Analysis: New procedures for prisoner exchange negotiations have already been recommended by a national commission—five years ago. And yet, Israel seems like it may soon be dragged into another publicly contentious prisoner exchange with Hamas.

Had the Israel government accepted the recommendations of the 2011 captives redemption commission, those who negotiate with Hamas these days wouldn’t have the authority to offer it more than 6–10 live Palestinian prisoners in return for the Israelis they hold. That’s more or less the “price” recommended by the commission, headed by Supreme Court President Emeritus Meir Shamgar, for two soldiers’ bodies and two live Israelis.

Hamas’s published demands, which indicate that it is interested in recreating the Gilad Shalit deal, symbolize the beginning of the Israeli public’s fight with its government over the return of captives—almost without regard to the price.

The Jibril Agreement in 1985 showed that Israeli society had a hard time accepting losses, captives, and missing persons. It doubted its leaders’ judgment and negotiated with them over “the price of warfare.” The Shalit affair was the apex of this phenomenon, leading the political leadership to understand that it had no room to maneuver in the face of public pressure.

Hadar Goldin, Oron Shaul, and Avera Mengistu
Hadar Goldin, Oron Shaul, and Avera Mengistu


Then-Defense Minister Ehud Barak took initiative in establishing the Shamgar Commission, which was to recommend a mechanism that would give back maneuvering space to the military-judicial-political ranks in these situations. The commission’s members—among them Shamgar himself, Prof. Asa Kasher and IDF Maj. Gen. (res.) Amos Yaron—came to several conclusions whose goal was to allow the professionals handling the negotiations and the country’s leaders to make rational decisions that are not unduly influenced by public sentiment and are aimed at serving the national interest.

The first conclusion reached by the commission is that negotiations and operative recommendations should be handled by a professional and covert body in the security community, which would report to the minister of defense. Once a soldier or civilian is captured or kidnapped, a standard and covert series of steps should be taken, just as is done when in other types of security-related incidents.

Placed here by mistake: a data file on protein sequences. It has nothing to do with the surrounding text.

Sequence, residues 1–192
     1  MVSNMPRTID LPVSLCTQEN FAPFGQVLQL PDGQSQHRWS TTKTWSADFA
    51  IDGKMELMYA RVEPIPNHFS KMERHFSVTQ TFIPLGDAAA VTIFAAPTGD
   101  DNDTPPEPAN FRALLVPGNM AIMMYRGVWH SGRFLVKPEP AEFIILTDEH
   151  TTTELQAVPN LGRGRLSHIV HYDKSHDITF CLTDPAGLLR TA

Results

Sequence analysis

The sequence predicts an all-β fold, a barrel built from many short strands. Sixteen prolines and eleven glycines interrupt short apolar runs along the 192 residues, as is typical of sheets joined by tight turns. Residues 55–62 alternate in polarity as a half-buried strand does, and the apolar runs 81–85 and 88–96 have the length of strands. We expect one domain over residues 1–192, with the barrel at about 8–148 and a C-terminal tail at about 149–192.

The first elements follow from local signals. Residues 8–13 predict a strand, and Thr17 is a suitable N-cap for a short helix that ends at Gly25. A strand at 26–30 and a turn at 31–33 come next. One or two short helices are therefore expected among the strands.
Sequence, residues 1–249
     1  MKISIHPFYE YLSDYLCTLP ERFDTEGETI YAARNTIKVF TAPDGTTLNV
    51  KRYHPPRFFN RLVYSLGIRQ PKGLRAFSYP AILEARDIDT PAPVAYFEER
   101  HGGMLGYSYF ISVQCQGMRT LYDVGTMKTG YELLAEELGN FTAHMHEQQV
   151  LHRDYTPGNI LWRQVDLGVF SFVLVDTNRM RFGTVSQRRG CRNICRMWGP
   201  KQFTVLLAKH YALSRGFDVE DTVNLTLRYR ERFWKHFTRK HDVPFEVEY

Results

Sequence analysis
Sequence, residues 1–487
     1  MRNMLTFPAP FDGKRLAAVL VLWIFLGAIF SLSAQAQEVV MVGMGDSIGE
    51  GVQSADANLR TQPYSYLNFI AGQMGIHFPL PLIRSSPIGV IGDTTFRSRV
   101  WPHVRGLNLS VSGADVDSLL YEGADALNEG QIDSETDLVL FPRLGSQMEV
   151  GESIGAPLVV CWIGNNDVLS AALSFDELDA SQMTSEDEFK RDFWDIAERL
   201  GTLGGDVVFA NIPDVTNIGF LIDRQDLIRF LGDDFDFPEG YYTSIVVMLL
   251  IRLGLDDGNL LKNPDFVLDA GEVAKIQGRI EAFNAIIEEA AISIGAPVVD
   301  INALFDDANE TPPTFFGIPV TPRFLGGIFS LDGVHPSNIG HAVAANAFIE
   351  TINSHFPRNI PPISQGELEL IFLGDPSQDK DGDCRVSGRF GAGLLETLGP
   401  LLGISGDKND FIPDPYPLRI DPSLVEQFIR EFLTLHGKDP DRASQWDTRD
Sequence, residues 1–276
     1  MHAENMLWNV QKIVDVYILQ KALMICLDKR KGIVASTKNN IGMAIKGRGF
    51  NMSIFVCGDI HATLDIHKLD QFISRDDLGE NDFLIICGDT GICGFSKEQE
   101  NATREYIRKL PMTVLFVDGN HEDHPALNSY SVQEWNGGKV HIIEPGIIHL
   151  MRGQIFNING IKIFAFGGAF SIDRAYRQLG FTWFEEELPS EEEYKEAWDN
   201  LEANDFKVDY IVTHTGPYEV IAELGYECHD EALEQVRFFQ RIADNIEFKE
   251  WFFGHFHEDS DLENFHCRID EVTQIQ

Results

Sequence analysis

Meir Shamgar: His commission's recommendations have not been implemented. (Photo: Yehuda Shenhav) (Photo: Yehuda Shenhav)
Meir Shamgar: His commission’s recommendations have not been implemented. (Photo: Yehuda Shenhav) (Photo: Yehuda Shenhav)


The presence of an Israeli in captivity in enemy territory, the commission said, demands an organized and secretive process. The professionals who should handle the negotiation for a prisoner exchange would come from all relevant bodies and areas of expertise, and should, according to the commission, present their recommendations to the defense minister alone. The prime minister would be disengaged from the process. That way, he would be less subject to pressure from the loved ones of Israeli captives.

The Shamgar Commission looked for a way to create a wall between government ranks and the public outcries, especially when negotiations are ongoing and the enemy starts to disseminate information to influence the civilian population’s mindset. This is where the commission recommended a series of mechanisms that would prevent the prime minister—or a small group of high-ranking government officials—from altering the professional team’s recommendations. If the PM and his fellow government members desire to appease the public and go against the commission’s recommendation, they would not be able to do so without going through certain legal or regulatory checks.

The Gilad Shalit affair was the catalyst for the establishment of the Shamgar Commission. (Photo: AFP)
The Gilad Shalit affair was the catalyst for the establishment of the Shamgar Commission. (Photo: AFP)


If the PM wants go give back 1,000 prisoners for one Israeli, in contrast to the recommendations of the professional team, he would have to bring the proposal to a government vote. If a majority of government members do not vote for his proposal, it would be rejected.

The second check would be the Knesset. The PM would have to bring the changes to the Knesset Foreign Affairs and Defense Committee and have it approved by a majority of members. If the Knesset were to vote on the proposal, it would have to be approved by at least a 90-MK majority (75 percent of the Knesset) in order to pass.

The bottom line is this: The price Israel pays for captives has to be widely agreed upon.

The Shamgar Commission recommended maximum rates for the exchange of living captives and the exchange of bodies. A body, for example, would not be exchanged for more than one Palestinian prisoner. Why, five years after the commission concluded its proceedings, is the prime minister still refusing to accept its conclusions?

As reported by Ynetnews